Ian: Greece and Cyprus 2017 x2, 2018. 2019, 2021

It’s just over a month since I came back from my volunteering at the Dignity Centre.

People ask when you come back from volunteering …How was it? And I always say well I really enjoyed it and we did some amazing work.

The next question is usually, isn’t it traumatic? Of course there are certain parts of every period of volunteering that are difficult to come to terms with, but you know they are far outweighed by the smiles, the laughs, and witnessing the uplifting courage and resilience of the people who are looking to you for help. Alongside all that is the personal reward of knowing that you have made a difference to someone.

The Dignity Centre ethos of “aid with dignity” runs through everything done there, from the mini market, the I.T. admin support to the “barbering”, aid with respect and a kindness that everyone deserves. That’s not to say that there aren’t occasionally some difficult people to deal with but I always ask myself:

“How would I feel to be in their situation, often with extremely frustrating bureaucracy to endure, exploitation, and often having to compete with others in the same situation for almost every resource?”

The more challenging people are often the ones who need the help the most.

There is such talent amongst the people who visit the Centre for help. I came across lawyers, teachers, electrical engineers, nurses, carpenters, builders, all looking for their safety and first step on the ladder of opportunity. Taking time to chat, but mainly listen is always a good thing to do and can be a revelation, from hearing about the lives people have left behind, the journeys they have made and their hopes and dreams for the future. If we can help them on that journey then that’s an amazing thing to do.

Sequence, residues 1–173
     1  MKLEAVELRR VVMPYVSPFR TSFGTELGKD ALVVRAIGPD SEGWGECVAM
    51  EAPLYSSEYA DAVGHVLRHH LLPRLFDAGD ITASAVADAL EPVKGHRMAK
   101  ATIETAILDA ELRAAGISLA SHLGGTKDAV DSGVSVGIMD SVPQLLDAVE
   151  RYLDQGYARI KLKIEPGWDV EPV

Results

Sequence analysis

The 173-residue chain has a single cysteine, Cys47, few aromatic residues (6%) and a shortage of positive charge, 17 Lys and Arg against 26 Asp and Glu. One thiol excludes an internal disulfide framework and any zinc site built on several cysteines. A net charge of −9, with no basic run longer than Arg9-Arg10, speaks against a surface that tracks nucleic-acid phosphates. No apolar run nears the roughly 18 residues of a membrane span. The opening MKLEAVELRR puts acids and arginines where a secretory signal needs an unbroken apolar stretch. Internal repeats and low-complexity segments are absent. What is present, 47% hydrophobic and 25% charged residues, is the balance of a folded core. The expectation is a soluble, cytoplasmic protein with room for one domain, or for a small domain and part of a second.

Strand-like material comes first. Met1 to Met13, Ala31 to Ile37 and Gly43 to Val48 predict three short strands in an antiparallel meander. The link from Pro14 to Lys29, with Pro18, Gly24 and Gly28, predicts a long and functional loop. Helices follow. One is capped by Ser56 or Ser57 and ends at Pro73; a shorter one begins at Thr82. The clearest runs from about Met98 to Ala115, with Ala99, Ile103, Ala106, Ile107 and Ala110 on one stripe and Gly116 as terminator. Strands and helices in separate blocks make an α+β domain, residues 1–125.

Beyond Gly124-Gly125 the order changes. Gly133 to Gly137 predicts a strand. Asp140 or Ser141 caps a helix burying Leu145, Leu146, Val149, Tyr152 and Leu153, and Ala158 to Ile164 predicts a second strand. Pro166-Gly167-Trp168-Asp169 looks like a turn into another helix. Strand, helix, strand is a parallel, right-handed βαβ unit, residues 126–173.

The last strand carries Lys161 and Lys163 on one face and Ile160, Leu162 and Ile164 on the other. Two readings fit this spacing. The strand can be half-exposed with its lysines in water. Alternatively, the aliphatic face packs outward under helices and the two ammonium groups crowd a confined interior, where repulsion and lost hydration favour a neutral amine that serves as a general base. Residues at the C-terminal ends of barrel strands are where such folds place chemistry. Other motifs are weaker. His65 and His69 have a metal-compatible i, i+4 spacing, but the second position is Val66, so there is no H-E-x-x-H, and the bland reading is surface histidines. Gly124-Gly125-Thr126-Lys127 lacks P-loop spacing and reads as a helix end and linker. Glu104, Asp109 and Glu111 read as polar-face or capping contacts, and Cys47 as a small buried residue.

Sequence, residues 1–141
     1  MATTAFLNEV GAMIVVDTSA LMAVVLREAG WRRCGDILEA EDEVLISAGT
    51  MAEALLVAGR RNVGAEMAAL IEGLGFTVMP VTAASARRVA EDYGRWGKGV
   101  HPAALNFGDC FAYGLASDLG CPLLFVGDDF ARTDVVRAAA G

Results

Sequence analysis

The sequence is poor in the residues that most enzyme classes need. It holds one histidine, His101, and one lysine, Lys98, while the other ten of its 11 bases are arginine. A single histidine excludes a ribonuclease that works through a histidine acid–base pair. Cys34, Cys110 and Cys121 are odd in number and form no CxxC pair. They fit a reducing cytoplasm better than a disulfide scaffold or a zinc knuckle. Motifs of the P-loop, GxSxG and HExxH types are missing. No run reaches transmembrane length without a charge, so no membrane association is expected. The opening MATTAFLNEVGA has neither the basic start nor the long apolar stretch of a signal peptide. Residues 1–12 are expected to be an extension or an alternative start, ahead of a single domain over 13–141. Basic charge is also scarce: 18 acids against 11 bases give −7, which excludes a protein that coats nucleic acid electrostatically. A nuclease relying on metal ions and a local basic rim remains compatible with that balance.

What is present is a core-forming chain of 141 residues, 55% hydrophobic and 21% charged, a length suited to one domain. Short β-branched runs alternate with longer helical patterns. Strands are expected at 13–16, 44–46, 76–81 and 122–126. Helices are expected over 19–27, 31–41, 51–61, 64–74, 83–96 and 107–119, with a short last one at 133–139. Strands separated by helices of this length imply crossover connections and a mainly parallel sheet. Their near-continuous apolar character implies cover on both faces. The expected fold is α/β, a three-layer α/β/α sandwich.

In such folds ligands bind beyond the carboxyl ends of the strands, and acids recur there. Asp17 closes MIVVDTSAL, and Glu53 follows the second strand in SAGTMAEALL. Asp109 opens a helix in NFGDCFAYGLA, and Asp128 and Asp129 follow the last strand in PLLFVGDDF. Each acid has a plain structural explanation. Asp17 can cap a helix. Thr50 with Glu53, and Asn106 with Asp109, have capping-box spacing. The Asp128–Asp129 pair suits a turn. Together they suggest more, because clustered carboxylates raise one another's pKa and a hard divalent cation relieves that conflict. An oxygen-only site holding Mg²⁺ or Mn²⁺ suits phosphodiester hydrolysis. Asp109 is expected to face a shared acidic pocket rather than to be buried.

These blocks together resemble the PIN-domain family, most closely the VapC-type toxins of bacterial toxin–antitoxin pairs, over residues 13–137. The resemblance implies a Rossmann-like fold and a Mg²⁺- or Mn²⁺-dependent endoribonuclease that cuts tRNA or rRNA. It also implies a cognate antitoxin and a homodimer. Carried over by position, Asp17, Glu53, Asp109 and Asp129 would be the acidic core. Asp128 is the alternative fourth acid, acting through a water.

The Dignity Centre and Refugee Support has a beating heart, and that is the volunteer team. People (like you) who come and give their time with an open mind and a kind spirit. In no time at all on your first day working, you find that these wonderful people, are just like you and always so easy to get on with.

I have met so many amazing volunteers on my visits, and now have enduring friendships with people from all over the world as a result. This time in the team there was: an American, 2 Brits, 2 Polish, an Italian, a Swede, and 2 Luxembourgers. A truly international effort, and it goes to show how good the work is that 4 of us were “serial volunteers” for Refugee Support!

We were all so interested in an important visitor to Nicosia whilst I was there. The Pope made a special trip to investigate the plight of refugees on the island. The most amazing part of this was the experience of the daughter of a previous client at the centre, who made a speech to the Pope and then was presented to him at a special service. We were all very proud when the family came to tell us of the event.

I’m home now and the “Selfish Altruist” part of me allows me to feed off my experiences working with Refugee Support, and feel like I did a good job, but it must not stop there. What we all need to do on our return, is to spread the word about Refugee Support and let the world know, through your friends and relations, that the refugee crisis has not gone away, it’s just gone out of the headlines.

The next thing I need to do now is book my next trip!

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